- Monitoring organizational progress and working to overcome any barriers
- Encouraging leadership and stakeholder buy-in
- Developing and maintaining standards
- Advising company leaders as they adjust to the Agile mindset
The Scrum Master
The Scrum master has many of the same responsibilities as the Agile coach. In fact, I believe that if an organization had enough sufficiently knowledgeable and experienced Scrum masters, the need for an Agile coach would be significantly reduced, as Scrum masters would be able to take on some coaching responsibilities. In many cases, however, new Scrum masters tend to be transitioned project managers, so their experience is not always relevant to Scrum and they need Agile coaching.
The scope of Scrum masters is narrower than that of an Agile coach, and their focus is usually directed at a single team. As Scrum masters are embedded within teams, it is reasonable to expect them to have a clear sense of the team’s strengths and weaknesses, potential problems, and growth opportunities. An effective Scrum master is committed to using this knowledge to drive better outcomes by employing strategies and practices tailored to that team. The Scrum master guides their team to continuous improvement and is a source of empowerment. Team and individual growth opportunities will be missed if a Scrum master is not adequately focused on the team’s needs.
The day-to-day responsibilities of a Scrum master include:
- Teaching Scrum theory and practices
- Guiding individuals to improve their Agile knowledge and skills
- Leading positive, productive meetings and Agile ceremonies
- Facilitating effective communication among the team
- Assisting the team with sprint planning and backlog management
- Monitoring and improving the team’s outcomes
- Enabling the team to produce high-value increments and meet commitments
The Agile Coach/Scrum Master Relationship
The strategy I advocate, whereby Agile coaches develop and empower strong Scrum masters, is a force multiplier consistent with Scrum values and Agile principles. I have regularly made the case that coaches serve best as consultants and not employees. The ideal Agile coach will work themselves out of a job at some point because they have been successful at leading Scrum masters to develop sufficient knowledge and skills. Ideally, after some time and positive traction, coaching can be done by a group of experienced Scrum masters as a Community of Practice. If a subsequent situation requires a coach, one can be engaged on an as-needed basis.
Here are some guidelines for implementing this approach, optimizing both roles, and helping bring teams to high performance:
- Agile coaches should supplement training, provide guidance, and foster Scrum master professional development
- Scrum masters should ensure they have access and authority to get things done for their teams and should focus on team-specific growth strategies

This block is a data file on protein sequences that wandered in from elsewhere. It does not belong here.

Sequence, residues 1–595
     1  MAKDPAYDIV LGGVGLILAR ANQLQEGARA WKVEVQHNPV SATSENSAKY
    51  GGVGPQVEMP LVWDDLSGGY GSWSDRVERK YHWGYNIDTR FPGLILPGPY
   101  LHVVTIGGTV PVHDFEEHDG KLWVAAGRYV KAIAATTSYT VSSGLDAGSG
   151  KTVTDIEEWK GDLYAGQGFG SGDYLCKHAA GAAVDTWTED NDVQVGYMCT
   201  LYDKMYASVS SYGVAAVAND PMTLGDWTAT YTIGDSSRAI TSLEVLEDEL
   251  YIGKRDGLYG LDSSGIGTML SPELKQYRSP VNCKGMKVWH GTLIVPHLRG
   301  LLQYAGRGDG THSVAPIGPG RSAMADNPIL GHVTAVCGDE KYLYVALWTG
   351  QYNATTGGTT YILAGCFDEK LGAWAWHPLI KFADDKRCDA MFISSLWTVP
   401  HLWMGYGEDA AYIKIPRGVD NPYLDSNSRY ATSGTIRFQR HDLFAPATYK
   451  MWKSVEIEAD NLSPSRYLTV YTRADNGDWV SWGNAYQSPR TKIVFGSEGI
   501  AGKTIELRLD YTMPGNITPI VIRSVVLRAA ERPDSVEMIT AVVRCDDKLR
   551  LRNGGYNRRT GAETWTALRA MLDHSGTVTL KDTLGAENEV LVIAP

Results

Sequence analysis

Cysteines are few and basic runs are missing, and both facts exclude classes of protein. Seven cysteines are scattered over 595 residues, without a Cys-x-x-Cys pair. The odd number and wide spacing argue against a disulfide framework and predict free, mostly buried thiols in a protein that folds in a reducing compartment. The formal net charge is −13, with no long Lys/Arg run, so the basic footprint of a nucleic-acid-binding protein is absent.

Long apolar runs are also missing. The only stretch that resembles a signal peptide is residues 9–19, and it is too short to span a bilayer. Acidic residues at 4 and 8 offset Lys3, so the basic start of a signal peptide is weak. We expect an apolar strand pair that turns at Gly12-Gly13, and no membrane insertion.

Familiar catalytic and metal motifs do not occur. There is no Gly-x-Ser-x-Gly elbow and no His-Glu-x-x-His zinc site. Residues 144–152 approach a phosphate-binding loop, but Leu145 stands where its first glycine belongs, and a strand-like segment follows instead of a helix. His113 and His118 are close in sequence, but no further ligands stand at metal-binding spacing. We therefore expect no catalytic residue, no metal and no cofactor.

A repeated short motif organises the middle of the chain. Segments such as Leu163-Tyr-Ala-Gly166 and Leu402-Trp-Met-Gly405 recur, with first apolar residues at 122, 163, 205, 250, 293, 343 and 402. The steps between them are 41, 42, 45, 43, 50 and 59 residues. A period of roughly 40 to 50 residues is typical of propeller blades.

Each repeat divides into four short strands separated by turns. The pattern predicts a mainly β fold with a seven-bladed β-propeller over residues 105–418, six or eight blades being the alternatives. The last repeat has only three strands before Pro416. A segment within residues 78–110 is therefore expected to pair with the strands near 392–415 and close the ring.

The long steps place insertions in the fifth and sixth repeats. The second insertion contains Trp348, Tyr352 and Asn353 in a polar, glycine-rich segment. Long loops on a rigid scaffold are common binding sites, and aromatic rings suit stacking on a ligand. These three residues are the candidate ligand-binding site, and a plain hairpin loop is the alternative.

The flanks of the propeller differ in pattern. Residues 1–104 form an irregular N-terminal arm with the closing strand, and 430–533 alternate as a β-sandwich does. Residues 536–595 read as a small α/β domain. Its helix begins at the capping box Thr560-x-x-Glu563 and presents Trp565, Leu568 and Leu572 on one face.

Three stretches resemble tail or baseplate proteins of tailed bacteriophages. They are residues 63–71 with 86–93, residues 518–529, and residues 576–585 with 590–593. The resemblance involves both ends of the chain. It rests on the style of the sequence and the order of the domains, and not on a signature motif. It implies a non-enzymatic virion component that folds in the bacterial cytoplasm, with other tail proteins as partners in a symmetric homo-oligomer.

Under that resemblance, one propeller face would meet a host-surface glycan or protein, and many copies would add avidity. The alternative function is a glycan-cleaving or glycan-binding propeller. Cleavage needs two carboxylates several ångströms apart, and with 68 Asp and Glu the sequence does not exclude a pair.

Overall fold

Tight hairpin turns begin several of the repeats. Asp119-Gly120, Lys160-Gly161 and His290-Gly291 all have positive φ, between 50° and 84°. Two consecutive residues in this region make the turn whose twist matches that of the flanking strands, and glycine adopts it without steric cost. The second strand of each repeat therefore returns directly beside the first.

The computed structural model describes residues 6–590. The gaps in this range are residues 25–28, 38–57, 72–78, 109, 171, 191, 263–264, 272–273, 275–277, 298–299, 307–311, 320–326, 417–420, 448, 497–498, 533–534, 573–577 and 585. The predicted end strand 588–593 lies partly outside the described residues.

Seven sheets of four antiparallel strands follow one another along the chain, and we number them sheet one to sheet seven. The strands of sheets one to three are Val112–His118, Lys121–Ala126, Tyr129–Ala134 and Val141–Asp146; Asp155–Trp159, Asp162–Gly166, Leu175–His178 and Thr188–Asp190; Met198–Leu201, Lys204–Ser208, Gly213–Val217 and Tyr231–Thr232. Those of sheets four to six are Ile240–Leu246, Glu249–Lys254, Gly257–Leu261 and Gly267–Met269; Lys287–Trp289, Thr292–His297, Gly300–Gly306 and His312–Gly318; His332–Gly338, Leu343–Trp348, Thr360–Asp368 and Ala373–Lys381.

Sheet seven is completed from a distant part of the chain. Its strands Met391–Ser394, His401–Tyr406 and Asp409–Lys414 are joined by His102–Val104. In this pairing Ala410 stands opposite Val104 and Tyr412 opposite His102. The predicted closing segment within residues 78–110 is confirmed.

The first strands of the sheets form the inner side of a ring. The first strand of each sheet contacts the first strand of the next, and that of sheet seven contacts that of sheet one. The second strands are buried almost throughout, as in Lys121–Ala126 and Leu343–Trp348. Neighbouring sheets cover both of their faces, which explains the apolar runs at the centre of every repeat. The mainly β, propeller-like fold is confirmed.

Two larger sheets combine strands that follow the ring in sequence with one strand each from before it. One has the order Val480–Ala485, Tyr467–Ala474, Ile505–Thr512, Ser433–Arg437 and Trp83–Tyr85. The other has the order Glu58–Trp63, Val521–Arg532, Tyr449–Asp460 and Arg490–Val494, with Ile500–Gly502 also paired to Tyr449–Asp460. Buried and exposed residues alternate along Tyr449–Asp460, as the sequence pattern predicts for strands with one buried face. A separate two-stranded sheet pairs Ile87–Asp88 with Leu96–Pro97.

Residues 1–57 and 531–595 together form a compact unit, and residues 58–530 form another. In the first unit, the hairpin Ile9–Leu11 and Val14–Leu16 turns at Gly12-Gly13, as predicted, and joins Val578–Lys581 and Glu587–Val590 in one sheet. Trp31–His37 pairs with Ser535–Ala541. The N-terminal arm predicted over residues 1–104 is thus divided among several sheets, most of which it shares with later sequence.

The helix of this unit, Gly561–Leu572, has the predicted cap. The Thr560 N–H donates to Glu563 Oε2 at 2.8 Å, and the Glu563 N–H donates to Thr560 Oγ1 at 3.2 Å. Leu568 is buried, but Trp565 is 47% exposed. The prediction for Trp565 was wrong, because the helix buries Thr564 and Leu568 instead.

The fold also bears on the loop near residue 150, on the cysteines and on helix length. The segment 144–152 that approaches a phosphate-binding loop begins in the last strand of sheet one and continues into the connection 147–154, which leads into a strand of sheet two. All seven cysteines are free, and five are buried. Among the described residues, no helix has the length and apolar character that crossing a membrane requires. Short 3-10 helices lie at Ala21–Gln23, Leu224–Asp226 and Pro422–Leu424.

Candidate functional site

- Organizations should expect that Scrum masters will mature and develop Agile coaching skills and expertise
The Coach Should Foster Organizational and Team Maturity
Leaders do their organization a disservice when they expect Agile coaches to carry teams. Instead, the organization is much better served by empowered teams that eventually outgrow the need for intensive Agile coaching. If team members are afraid of what might happen when a coach leaves, there’s a problem. This means that the coach has allowed teams to depend too heavily on coaching, or the teams have leaned on the coach more than on their Scrum masters.
Where some organizations go wrong is in believing that the roles of Agile coach and Scrum master can be taken on by one person during an Agile transformation. But having different people occupy these roles, and recognizing the unique sphere and responsibilities of each, can strengthen an organization during the transition period and pave the way for sustainable agility.
Understanding the basics
What is the difference between a Scrum master and an Agile coach?
An Agile coach is essentially an experienced Scrum master with advanced training and a higher level of expertise. Whereas a Scrum master focuses on and guides a single team, an Agile coach works to increase companywide agility.
Why do you need an Agile coach?
Organizations need Agile coaches to outline and improve Agile processes during a transformation and navigate any problems that arise. As well as guiding multiple teams toward Agile best practices, they also encourage leadership buy-in.
What makes a great Agile coach?
A coach needs to be able to switch between mentoring, training, and facilitating. They need to communicate the Agile methodology clearly and drive continuous learning without fostering dependency.